TamThompson
July 26, 2003, 04:10 PM
Art,
I realize that companies are in business to make a profit. I read "The goal." I've got no problem with that--Lord knows, I'd like to make more profit, myself! But I feel they also have a duty to be good corporate citizens, seeings as they are legal entities with much of the same rights (to sue and be sued) as individuals. And we individuals have responsibilities as well as rights.

To me, part of being a good and moral corporate citizen is taking care of your employees who MADE you profitable and big in the first place. Also part of being a good corporate citizen is trying to buy/hire American first.
As a consumer of these goods, I try to buy American, if it is at all possible.
I don't see companies doing the same with regard to new jobs.

As someone else pointed out, it is incredibly short-sighted of companies to export American jobs. Don't they realize that they can only do that for so long before there are too few people here in America with an actual income who can afford their products? We can only be a nation of consumers for so long before we consume ourselves.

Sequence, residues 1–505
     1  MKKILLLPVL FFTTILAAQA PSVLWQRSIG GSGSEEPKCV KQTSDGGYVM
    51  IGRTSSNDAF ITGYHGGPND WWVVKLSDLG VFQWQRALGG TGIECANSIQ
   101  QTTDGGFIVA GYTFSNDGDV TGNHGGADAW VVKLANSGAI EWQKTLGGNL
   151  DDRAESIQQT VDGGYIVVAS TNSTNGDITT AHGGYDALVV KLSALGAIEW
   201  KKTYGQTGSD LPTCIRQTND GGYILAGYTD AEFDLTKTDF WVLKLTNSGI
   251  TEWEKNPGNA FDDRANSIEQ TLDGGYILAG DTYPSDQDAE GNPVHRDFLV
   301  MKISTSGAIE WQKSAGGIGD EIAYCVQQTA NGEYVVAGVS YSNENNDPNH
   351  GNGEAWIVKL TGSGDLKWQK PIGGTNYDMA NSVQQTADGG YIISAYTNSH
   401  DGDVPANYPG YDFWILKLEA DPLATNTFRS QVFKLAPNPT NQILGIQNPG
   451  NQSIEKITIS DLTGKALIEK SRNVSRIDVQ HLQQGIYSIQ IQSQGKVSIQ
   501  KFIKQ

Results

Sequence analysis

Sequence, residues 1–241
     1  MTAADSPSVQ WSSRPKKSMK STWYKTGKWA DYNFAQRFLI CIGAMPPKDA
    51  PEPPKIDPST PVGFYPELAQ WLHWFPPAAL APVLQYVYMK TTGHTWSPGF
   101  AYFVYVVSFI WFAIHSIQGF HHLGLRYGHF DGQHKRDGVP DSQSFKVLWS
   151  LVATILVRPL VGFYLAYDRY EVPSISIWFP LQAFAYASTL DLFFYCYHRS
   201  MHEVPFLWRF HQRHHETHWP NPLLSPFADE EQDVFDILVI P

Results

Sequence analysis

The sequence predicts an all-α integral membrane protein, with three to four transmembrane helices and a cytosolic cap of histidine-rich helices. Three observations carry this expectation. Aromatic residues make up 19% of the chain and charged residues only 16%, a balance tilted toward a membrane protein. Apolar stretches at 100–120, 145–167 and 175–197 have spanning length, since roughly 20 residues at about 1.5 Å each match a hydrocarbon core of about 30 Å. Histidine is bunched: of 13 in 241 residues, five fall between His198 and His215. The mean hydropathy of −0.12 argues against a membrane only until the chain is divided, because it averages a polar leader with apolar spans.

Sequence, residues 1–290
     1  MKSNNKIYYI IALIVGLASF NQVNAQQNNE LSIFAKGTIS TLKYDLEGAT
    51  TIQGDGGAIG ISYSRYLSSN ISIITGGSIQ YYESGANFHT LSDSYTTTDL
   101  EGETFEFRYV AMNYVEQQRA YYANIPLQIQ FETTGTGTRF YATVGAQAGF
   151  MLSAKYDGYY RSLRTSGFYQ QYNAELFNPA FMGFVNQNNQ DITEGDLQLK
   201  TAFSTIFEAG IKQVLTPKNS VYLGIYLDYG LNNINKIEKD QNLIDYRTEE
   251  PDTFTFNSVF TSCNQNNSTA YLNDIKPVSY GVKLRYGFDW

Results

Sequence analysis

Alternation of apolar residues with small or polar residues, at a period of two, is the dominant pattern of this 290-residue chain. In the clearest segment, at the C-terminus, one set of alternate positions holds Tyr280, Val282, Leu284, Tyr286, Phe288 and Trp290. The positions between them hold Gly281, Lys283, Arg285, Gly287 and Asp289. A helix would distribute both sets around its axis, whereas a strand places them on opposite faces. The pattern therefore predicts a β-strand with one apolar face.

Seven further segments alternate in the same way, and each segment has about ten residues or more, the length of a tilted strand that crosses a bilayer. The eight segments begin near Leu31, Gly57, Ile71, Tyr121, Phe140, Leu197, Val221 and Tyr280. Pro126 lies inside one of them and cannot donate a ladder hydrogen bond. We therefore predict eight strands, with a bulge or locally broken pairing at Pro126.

It's all fine and well to support politicians and parties who don't want gun control, but as I've said before, if all the jobs go away and we don't have any money, we won't be able to afford any ammo (or new guns!) (My point being that it isn't wise to base votes on a single issue.)

And yeah, it's depressing to be a boomer, and to watch the thriving America of my youth (late 50's, 60's, and early 70's) go straight into the toilet right in front of my eyes.

Well, this old girl ain't goin' down without a fight, I'll tell you what! Militia? Sign me up, bad knee and all. I'll do what I can. That's one of the best redeeming quality we Americans have, I think: when it really gets tough, we get our dander up. And right now's the time to have it up.

longeyes
July 26, 2003, 04:44 PM
I think Tam's point is well-taken: American businesses exist within
America and need to consider the culture within which they operate.